Last year Tshekedi criticised the design of Sir Seretse Khama International Airport saying it is not attractive. In response Mokaila said he has to live with the design as they are not going to change it. “Various companies were invited during the design of the airport as well as those of Kasane, Maun and Francistown and the designs were approved. We are not going to change them,” he said in response. Minister Tshekedi Khama said he still stood by his statement that SSKA terminal is unattractive and his ministry has offered to assist in turning around its interior. “I had discussions with Minister Mabeo about setting up a lounge for passengers and they were still on-going when he was transferred,” he said, adding that even the design of the Maun airport is a disaster. As a way of making SSKA attractive in 2015 ministry of Environment, Natural Resources Conservation and Tourism constructed a 2.5-ton sculpture made out of elephant tasks.
The towering elephant sculpture made entirely from ivory tusks is now the centre of attraction at the airport. The sculpture was designed at the cost of over P200 000 with the assistance of Thapong artists.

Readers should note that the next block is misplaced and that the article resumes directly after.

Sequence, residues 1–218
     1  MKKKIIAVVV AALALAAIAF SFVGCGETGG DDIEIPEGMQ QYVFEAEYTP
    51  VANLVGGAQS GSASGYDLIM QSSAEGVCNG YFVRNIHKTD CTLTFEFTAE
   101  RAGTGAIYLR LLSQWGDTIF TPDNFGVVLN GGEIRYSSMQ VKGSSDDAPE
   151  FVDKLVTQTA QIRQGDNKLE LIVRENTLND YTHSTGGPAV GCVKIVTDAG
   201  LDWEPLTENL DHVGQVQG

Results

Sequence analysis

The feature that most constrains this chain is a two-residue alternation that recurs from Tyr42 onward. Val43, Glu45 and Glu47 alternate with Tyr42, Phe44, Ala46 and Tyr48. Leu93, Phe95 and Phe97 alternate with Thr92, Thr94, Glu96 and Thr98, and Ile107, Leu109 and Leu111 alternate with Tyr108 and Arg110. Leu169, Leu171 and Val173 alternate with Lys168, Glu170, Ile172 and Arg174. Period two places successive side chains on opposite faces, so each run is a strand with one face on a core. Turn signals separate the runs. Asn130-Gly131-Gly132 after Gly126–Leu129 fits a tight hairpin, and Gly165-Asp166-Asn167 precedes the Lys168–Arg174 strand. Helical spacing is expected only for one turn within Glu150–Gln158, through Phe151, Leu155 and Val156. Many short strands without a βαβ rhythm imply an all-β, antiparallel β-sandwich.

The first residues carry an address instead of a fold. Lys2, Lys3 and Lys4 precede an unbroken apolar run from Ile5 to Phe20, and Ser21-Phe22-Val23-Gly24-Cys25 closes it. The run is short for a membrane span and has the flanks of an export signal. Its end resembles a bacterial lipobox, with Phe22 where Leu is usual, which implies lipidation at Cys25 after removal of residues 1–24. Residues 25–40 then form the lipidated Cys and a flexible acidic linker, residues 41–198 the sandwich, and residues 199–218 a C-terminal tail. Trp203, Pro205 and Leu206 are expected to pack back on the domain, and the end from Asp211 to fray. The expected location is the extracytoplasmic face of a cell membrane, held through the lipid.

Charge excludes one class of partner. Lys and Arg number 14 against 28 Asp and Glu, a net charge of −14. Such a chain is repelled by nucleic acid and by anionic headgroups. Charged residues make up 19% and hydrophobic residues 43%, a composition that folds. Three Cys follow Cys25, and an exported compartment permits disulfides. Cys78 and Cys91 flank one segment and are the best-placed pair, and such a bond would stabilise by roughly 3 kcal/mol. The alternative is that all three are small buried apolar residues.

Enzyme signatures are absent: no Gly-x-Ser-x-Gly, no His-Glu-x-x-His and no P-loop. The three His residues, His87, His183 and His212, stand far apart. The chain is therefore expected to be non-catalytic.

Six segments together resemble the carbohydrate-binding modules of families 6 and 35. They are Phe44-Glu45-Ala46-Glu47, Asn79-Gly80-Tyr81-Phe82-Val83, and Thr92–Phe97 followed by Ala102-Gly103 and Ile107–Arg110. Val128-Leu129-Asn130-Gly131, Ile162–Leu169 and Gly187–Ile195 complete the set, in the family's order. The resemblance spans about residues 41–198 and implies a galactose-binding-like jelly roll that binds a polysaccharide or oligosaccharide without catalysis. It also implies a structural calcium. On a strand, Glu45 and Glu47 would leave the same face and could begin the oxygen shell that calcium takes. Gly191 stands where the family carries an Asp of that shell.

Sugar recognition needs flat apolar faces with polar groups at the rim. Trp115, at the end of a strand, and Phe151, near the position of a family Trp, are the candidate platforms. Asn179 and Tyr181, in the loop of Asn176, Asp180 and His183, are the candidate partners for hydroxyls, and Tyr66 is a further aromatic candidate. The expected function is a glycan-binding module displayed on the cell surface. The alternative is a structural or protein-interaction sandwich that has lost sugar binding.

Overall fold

Mokaila disclosed this week that 17 companies have expressed interest in buying a stake on the national airline. Among those reportedly bidding for the stake are local businessmen – Ramachandran Ottapathu, the CEO of Choppies retailer and property mogul Sayeed Jamali – who have put up a joint bid to assume 52 per cent of the airline at a cost of P140 million. Another bidder is German independent aviation consultancy InAvia Aviation Consultants, according to a report by African Aerospace. Together with its network of partners in the aviation business, InAvia intends to restructure and grow Air Botswana for the benefit of the Republic of Botswana. InAvia's strategy for Air Botswana envisages growing Air Botswana's regional network with the introduction of modern regional jets, but also establishing partnerships with international airlines to operate flights under codeshares with Air Botswana into Gaborone's Sir Seretse Khama International Airport. Michael Hoevel, managing partner of InAvia said: "We believe Botswana has an as yet unrealised potential for travellers into the country, both on business and leisure. Air Botswana is a prime ambassador of the country, but has not yet lived up to the full potential of this role. We intend to change this and use the Air Botswana brand to attract traffic from Europe and key points in Asia and the Middle East. Continuing to limiting Air Botswana to a regional carrier, possibly even under a different brand, will not be to the benefit of the Republic of Botswana, and may reduce the national airline to a provider of aircraft and crew to other carriers." Comair – South African-based regional operator – was among those invited to bid and are expected to have done so. Air Botswana – which runs four domestic routes; provides cargo services to Francistown, Cape Town, and Johannesburg besides going to tourist attractive sites of Maun and Kasane – has been a perennial loss maker for Government for years.